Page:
Malcolm Forbes wrote a fascinating book about the deaths of famous people. Here are a few of the unusual stories he found.
Claim to Fame: One of the great minds of the late 16th century. A statesman, philosopher, writer, and scientist. Some people believe he’s the real author of Shakespeare’s plays.
How he died: Stuffing snow in a chicken.
Postmortem: One afternoon in 1625, Bacon was watching a snowstorm. He wondered if snow might be as good a meat preservative as salt . . . and decided to find out. With a friend, he rode through the storm to a nearby peasant’s cottage, bought a chicken, and had it butchered. Then, standing outside in the cold, he stuffed the chicken with snow to freeze it. The chicken never froze, but Bacon did. He caught a serious chill and never recovered. He died from bronchitis a few weeks later.
Claim to Fame: Greek playwright in 500 BC. Many historians consider him the father of Greek tragedies.
How he died: An eagle dropped a tortoise on his head.
Postmortem: According to legend, an eagle was trying to crack open a tortoise by dropping it on a hard rock. It mistook Aeschylus’s head (he was bald) for a rock and dropped it on him instead.
Claim to Fame: An important Danish astronomer of the 16th century. His groundbreaking research enabled Sir Isaac Newton to come up with the theory of gravity.
How he died: Didn’t get to the bathroom on time.
Postmortem: In the 16th century it was considered an insult to leave a banquet table before the meal was over. Brahe, known to drink excessively, had a bladder condition – but failed to relieve himself before the feast started. He made matters worse by drinking too much at dinner, and was too polite to ask to be excused. His bladder finally burst, killing him slowly and painfully over the next 11 days.
Jerome Irving Rodale
Claim to Fame: Founding father of the organic food movement, creator of Organic Farming and Gardening magazine. Founded Rodale Press, a major publishing company.
How he died: On the “Dick Cavett Show,” while discussing the health benefits of organic food.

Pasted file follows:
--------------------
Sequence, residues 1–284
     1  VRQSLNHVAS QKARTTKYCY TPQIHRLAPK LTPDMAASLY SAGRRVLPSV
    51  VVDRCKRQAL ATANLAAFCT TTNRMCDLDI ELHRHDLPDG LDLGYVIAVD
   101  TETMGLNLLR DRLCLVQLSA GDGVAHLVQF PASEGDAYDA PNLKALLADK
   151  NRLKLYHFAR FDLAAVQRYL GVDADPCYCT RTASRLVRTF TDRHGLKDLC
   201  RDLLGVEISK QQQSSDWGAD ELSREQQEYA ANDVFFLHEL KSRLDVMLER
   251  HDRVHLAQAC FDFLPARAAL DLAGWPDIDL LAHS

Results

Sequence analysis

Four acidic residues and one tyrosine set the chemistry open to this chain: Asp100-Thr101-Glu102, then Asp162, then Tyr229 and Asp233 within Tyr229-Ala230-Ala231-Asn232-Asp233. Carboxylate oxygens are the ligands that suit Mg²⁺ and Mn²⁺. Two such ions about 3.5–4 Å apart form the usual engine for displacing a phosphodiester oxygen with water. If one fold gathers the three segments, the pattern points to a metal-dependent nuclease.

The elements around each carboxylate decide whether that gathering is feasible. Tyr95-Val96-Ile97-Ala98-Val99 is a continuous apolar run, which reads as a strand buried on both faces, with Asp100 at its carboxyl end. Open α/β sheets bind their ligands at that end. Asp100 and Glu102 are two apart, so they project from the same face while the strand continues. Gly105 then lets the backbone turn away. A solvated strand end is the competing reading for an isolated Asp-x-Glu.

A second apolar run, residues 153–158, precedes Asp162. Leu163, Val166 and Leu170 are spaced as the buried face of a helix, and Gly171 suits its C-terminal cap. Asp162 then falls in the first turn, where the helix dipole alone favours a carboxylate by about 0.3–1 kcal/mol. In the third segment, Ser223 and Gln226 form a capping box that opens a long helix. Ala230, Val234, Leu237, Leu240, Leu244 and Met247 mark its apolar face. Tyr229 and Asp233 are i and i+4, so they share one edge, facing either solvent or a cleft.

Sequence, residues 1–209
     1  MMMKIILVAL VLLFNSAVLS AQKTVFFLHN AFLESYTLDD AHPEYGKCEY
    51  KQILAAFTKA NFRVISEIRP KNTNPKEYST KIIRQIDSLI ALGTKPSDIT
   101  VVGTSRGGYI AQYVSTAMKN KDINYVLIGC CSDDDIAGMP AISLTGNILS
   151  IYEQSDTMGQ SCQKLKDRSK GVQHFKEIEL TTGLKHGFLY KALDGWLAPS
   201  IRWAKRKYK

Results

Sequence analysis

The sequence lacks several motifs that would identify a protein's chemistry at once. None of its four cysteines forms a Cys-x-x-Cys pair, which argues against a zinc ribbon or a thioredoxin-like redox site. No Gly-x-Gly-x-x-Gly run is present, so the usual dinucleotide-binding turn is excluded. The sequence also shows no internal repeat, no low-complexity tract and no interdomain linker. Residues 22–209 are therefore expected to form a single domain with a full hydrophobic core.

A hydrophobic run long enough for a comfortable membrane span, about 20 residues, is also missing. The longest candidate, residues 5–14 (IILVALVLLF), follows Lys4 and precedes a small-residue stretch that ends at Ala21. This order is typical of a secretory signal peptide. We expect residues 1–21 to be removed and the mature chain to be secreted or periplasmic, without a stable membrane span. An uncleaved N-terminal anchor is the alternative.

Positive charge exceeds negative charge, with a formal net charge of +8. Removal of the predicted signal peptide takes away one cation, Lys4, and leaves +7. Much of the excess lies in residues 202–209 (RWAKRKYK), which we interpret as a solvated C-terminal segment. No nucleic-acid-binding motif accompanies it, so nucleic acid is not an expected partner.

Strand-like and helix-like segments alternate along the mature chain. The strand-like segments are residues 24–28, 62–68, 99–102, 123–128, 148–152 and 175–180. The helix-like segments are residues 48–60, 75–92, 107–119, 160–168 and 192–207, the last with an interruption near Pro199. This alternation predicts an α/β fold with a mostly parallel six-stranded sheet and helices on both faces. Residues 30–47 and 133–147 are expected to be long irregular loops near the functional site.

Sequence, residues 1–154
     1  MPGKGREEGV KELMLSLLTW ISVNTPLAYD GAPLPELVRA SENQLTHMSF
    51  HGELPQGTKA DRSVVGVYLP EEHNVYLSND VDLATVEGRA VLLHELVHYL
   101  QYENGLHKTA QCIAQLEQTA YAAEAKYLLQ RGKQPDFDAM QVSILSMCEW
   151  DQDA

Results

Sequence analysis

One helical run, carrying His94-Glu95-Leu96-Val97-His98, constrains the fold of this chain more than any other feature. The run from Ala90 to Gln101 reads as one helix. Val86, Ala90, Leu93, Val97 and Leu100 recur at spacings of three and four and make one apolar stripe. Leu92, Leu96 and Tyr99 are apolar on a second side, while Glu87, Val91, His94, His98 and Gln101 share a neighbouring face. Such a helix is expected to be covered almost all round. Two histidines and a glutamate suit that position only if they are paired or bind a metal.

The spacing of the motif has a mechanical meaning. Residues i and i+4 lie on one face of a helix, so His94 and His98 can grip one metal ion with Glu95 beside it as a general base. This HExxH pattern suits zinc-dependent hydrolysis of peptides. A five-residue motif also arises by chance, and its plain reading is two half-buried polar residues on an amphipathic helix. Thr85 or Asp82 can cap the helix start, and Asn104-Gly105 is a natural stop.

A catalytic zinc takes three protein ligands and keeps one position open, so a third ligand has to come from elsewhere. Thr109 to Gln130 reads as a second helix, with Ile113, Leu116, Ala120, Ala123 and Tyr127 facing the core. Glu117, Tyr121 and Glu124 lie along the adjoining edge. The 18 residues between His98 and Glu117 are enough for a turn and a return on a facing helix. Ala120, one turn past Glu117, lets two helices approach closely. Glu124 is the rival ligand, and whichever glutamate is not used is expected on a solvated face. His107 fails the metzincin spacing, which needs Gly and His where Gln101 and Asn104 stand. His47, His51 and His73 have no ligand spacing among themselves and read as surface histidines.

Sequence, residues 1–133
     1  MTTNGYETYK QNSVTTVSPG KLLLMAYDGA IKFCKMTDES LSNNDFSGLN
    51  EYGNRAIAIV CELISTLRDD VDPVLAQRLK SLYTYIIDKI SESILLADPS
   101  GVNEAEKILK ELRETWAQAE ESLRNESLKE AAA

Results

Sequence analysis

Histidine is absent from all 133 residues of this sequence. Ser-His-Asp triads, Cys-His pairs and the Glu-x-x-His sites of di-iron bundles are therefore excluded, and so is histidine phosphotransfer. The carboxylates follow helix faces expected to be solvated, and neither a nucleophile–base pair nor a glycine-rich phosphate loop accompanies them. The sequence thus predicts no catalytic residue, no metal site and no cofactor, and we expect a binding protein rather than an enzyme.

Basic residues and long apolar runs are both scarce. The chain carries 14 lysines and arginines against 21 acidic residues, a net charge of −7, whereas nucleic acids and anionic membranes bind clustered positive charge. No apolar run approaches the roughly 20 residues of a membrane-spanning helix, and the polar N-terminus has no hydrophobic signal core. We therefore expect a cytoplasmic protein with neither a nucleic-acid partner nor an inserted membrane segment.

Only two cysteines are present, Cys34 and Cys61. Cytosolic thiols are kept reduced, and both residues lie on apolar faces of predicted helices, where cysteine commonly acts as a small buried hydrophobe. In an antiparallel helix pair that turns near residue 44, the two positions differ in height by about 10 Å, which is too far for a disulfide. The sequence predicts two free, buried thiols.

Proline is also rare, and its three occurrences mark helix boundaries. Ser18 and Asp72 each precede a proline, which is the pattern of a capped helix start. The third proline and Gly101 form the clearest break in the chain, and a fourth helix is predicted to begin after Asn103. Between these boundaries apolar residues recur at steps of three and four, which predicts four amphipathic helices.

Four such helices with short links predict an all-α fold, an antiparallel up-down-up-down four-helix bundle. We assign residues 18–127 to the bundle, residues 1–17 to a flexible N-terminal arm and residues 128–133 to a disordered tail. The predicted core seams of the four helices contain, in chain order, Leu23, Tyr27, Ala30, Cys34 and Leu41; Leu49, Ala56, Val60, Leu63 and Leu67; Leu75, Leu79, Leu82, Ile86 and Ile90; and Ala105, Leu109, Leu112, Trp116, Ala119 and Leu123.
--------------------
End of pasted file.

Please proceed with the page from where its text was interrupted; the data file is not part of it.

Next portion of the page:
Postmortem: Rodale, who bragged “I’m going to live to 100 unless I’m run down by a sugar-crazed taxi-driver,” was only 72 when he appeared on the “Dick Cavett Show” in January 1971. An eyewitness at the show recalls: “Rodale said that doctors had given him six months to live thirty years ago, but because of the food he ate he would live to be a hundred . . . . A little later in the show he appeared to have fallen asleep, and Cavett and guest Pete Hamill chuckled about it – until they realized he was dead.” Cause of death: a heart attack. The taped show was never aired.
Claim to Fame: The guru of jogging. Author of the bestselling Complete Book of Running, which started the jogging craze in the 1970s.
How he died: A heart attack . . . while jogging.
Postmortem: Fixx was visiting Greensboro, Vermont. He walked out of his house and began to jog. He’d only gone a short distance when he collapsed and died, the victim of a massive coronary.
William Henry Harrison
Claim to Fame: Ninth President of the United States, elected in 1841.
How he died: Pneumonia, contracted while giving his inaugural address.
Postmortem: The 67-year-old Harrison’s advanced age had been an issue in his race against incumbent president Martin van Buren. Perhaps because of this – to demonstrate his strength – he rode on horseback in his inaugural parade without a hat, gloves, or overcoat. Then he stood outside in the snow and spoke for more than one and a half hours, delivering his inaugural address. Needless to say, this weakened him, and a few weeks later he caught pneumonia. Within a week he was delirious, and on April 4 – one month after his inauguration – he died. He served long enough to keep just one campaign promise: not to run for a second term.